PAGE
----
Even if she weren’t my daughter that I’m proud of, I would pay close attention to Silja Talvi’s work. She mainly writes on issues that others rather keep quiet about: social and racial injustice, immigration issues (how quickly we’ve forgotten that we all come from an immigrant background, minus the small and neglected native population!) and seemingly the least popular topic, prisons and inmates. This country has locked more people behind bars than any other ‘civilized’ country, a great portion of them mentally ill or convicted of drug-related crimes. We don’t seem to like the idea of rehabilitation and with the ‘three strikes’ laws in place in many states, people have been put away for life, whereas with rehabilitation most of them could have become productive members of our society. Recently the BBC talked about mental illness and especially schizophrenia which many British doctors feel should be eliminated as a term. In that context an expert said that about one percent of the population suffers from that type of mental illness. Is it just a coincidence that approximately the same percentage of our population is incarcerated or on probation? States provide less and less mental health care and it is no wonder so many of the ill people end up in jails and prisons, not being able to afford to seek help. Presently Silja is working on a book about women behind bars; it should be out next year.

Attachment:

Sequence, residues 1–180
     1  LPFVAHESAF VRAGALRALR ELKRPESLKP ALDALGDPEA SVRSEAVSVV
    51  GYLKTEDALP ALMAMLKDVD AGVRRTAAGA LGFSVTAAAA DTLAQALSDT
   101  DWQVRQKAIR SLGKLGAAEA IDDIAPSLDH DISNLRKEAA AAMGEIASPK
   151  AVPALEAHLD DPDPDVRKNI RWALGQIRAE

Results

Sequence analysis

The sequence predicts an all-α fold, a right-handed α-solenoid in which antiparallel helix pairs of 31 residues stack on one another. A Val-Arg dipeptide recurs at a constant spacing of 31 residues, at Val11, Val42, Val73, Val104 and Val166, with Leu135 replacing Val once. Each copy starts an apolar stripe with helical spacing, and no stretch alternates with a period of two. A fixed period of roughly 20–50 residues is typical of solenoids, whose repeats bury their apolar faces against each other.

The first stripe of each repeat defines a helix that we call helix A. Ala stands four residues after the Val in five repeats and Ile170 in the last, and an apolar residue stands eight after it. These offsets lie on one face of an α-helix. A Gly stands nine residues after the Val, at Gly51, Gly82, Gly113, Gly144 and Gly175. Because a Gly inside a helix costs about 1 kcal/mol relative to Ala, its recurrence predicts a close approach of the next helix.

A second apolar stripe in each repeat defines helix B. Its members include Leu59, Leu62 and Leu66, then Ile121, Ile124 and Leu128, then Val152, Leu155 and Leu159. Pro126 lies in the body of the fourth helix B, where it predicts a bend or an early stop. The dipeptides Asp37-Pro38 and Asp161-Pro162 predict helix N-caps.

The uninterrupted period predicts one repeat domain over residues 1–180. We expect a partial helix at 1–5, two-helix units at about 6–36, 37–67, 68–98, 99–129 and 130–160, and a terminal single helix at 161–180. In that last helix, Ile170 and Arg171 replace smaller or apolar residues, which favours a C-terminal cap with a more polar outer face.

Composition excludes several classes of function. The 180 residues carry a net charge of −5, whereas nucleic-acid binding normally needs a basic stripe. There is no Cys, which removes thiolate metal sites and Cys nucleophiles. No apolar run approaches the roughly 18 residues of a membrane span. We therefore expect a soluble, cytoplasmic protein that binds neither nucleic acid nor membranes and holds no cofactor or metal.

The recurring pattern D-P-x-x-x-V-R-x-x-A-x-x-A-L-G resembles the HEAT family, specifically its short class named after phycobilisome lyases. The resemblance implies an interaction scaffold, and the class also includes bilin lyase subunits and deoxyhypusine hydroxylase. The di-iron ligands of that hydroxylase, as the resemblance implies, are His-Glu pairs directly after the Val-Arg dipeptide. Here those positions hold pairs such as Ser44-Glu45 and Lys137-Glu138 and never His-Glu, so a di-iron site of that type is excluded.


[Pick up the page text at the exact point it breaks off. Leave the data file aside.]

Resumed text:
Just last month my daughter won a New America Media Ethnic Media Award, given in a ceremony in